They come from Grabill and Goshen, Hicksville and Huntertown, and Churubusco and Columbia City.
They are lawyers and teachers, graphic designers and fiber artists, professional painters and self-taught woodcarvers.
They work in leather, cloth, oils, watercolors, pen-and-ink, metal, acrylic and graphite, and they share a common love for artistic expression.
They are members of the Fort Wayne Artists Guild, and many have been accepted into the Guild's annual “Ventures in Creativity” art show opening today at the University of St. Francis and continuing through Aug. 17.
“This is our 35th year” for the show, says Darlene Selzer-Miller, who co-chairs the event this year with Nancy Longmate. “We're very proud of the level of art that we are able to showcase.”
Giving to the community
According to a document compiled by historian Mary Clohessy in 2001, the guild traces its origins to 1959 and well-known watercolorist Jim McBride and a cadre of Fort Wayne Art School alumni.
Prior to formal organization, the group had experimented with art fairs at the Barr Street Market and Eavey's supermarket and had participated in the Fine Arts Festival at Franke Park during the late 1950s, the history says.
In 1964-65, the guild painted scenic backgrounds for numerous animal displays in the newly opened Diehm Museum of Natural History. Following a 1975 fire, the museum was rebuilt, with the guild again donating their talents to paint 63 additional backgrounds.
Members have participated in art exhibits and shows at IPFW, local shopping centers, businesses, hospitals, churches and restaurants, as well as in festivals and fairs. They have designed Christmas cards and calendars using members' original artwork and presented workshops with well-known artists.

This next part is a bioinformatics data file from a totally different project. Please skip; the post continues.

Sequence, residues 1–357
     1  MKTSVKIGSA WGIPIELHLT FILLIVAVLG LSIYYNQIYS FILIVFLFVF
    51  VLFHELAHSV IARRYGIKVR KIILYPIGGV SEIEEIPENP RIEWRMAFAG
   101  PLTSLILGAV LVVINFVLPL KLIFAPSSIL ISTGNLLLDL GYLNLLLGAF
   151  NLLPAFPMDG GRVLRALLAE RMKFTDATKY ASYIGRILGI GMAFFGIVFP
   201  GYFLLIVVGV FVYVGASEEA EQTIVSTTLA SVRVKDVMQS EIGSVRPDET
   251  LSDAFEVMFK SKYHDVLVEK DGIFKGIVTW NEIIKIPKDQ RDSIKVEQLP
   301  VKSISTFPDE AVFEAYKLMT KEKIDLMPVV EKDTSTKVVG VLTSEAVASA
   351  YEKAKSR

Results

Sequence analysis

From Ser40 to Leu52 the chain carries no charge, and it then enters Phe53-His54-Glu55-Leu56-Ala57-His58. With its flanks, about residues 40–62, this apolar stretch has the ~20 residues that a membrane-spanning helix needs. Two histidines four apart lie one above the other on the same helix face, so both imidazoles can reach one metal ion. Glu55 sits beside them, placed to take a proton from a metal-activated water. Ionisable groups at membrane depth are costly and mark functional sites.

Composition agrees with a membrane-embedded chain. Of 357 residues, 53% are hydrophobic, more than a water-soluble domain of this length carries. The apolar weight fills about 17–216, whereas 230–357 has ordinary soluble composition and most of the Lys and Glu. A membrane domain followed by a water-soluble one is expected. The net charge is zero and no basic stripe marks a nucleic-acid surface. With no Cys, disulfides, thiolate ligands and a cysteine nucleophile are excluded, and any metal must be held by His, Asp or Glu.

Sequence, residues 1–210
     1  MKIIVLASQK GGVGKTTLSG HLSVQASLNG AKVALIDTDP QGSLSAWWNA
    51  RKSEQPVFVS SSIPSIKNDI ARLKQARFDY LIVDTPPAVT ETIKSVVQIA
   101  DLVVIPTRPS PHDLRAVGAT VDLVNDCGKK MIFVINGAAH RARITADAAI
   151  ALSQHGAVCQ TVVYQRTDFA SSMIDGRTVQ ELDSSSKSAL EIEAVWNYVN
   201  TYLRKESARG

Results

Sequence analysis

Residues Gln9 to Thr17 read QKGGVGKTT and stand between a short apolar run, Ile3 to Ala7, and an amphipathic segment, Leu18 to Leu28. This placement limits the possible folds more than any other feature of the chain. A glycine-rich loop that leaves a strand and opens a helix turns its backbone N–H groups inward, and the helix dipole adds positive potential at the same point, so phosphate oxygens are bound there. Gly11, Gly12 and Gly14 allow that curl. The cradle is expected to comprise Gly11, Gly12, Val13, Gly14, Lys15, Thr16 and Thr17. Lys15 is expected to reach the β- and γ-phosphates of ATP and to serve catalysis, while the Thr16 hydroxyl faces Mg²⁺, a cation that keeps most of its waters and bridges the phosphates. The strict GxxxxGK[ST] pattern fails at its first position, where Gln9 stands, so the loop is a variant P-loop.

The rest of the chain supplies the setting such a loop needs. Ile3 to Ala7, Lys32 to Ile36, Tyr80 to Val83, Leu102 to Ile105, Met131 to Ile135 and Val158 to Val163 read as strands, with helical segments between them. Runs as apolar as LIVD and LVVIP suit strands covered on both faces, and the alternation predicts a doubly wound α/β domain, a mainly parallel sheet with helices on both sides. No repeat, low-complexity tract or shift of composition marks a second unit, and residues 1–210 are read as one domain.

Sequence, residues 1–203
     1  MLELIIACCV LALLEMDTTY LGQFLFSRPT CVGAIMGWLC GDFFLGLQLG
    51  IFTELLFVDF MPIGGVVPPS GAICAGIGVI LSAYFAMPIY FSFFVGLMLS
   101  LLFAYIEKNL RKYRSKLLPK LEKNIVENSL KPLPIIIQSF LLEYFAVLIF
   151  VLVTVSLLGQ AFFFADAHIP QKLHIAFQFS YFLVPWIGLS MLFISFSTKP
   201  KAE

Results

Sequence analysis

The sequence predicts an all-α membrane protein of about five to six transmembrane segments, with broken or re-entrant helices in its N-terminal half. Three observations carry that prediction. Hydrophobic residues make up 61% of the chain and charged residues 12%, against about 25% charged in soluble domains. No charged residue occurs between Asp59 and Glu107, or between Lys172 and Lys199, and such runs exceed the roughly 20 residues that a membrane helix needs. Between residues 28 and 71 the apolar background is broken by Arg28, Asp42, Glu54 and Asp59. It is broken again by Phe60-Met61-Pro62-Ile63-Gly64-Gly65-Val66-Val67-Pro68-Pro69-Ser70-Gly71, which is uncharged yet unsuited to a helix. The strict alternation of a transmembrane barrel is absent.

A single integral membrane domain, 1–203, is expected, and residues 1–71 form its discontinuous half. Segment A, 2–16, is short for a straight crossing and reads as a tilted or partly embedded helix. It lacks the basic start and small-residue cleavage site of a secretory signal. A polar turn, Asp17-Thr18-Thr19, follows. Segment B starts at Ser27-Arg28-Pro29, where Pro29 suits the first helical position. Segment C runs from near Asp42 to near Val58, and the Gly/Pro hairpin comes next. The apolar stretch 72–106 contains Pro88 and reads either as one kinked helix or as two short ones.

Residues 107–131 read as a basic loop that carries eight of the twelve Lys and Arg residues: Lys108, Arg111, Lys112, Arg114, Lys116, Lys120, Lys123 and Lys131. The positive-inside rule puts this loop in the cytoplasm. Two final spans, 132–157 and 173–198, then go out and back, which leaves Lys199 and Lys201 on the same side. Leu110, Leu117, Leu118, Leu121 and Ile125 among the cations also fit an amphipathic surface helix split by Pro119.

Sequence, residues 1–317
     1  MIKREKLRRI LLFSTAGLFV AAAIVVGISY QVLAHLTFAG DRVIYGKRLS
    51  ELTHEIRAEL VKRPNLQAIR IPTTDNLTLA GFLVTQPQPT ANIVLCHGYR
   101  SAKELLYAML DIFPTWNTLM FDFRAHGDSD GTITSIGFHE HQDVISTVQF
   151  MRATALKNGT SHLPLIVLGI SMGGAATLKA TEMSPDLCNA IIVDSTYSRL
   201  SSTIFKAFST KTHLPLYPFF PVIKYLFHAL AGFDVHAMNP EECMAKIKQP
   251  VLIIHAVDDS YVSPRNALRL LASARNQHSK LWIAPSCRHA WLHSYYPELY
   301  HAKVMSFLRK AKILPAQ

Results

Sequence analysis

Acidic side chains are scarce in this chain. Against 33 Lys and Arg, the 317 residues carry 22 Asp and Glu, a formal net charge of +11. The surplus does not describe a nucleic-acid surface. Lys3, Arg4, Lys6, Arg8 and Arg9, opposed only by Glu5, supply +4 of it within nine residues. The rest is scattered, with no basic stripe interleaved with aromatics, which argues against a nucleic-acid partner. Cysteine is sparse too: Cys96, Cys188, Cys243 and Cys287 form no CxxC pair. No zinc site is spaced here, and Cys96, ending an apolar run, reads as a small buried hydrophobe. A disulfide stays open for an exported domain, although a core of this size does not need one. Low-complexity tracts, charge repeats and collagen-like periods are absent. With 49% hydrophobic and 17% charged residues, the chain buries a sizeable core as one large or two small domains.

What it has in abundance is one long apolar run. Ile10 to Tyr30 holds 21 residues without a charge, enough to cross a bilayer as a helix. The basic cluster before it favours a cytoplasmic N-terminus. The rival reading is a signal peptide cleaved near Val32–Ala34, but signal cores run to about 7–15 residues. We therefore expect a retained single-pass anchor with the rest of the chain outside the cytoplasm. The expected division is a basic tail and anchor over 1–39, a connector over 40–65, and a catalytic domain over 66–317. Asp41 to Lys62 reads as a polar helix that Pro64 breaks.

Their Kids Create program in conjunction with the Fort Wayne Museum of Art provides activities for the children in the community.
Fellowship of artists
Selzer-Miller worked in graphic design with local advertising agencies before starting her own freelance commercial art business, concentrating on product and technical illustration. She joined the guild in 2008 and “felt right at home.”
“My enjoyment with the guild comes from sharing ideas with fellow artists, (obtaining) information about learning opportunities, and the overall support we get from other members,” she says.
Longmate, a self-taught artist working in watercolor, pastel and oil, agrees. “It's all about the journey — growing in our abilities, sharing ideas and knowledge ... .”
Doug Runyan, a local attorney and guild member for seven years, credits high school French classes that emphasized French art and culture and the Indiana University law school with his eventual immersion into the world of art.
“I discovered the Indiana Impressionist painters through the collection of paintings in the IU Student Union by T. C. Steele and others,” he recalls. Runyan purchased his first painting while a student and began taking art classes after age 40.
“The guild provides me access to a great network of people who share my love of art,” he says. “It has provided me with many very fine friends ... (and) places to show and sell art — an important thing for an artist.”
Creativity on display
In 1977, the guild established “Ventures in Creativity,” the first juried art show open to all artists 18 and older within a 150-mile radius of Fort Wayne. For 2012, artwork was judged by David Slonim, who also lectured and presented workshops.
“It is the guild's primary yearly event,” says Longmate. “It gives artists the opportunity to enter a juried art show to win cash awards and gift card awards. We give Fort Wayne and surrounding communities the chance to view an art show of high quality and diverse styles.”
“Juried shows are an important part of the growth of an artist,” explains Runyan. “They provide feedback. Creating art is a very solitary and personal process. Putting your art out before the public and before a judge is both exciting and terrifying. It is exhilarating when you make the show and crushing when you don't.”
“The competition ... can be overwhelming,” he continues, “but it also provides goals for improvement. Artists can learn from each other.”